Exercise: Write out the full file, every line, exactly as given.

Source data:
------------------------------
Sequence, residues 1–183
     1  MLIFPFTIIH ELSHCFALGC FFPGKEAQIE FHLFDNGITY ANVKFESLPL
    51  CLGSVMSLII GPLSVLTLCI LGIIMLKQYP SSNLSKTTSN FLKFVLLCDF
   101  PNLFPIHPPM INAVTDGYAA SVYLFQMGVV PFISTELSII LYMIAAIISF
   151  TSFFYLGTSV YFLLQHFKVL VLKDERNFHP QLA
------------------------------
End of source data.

Sequence, residues 1–183
     1  MLIFPFTIIH ELSHCFALGC FFPGKEAQIE FHLFDNGITY ANVKFESLPL
    51  CLGSVMSLII GPLSVLTLCI LGIIMLKQYP SSNLSKTTSN FLKFVLLCDF
   101  PNLFPIHPPM INAVTDGYAA SVYLFQMGVV PFISTELSII LYMIAAIISF
   151  TSFFYLGTSV YFLLQHFKVL VLKDERNFHP QLA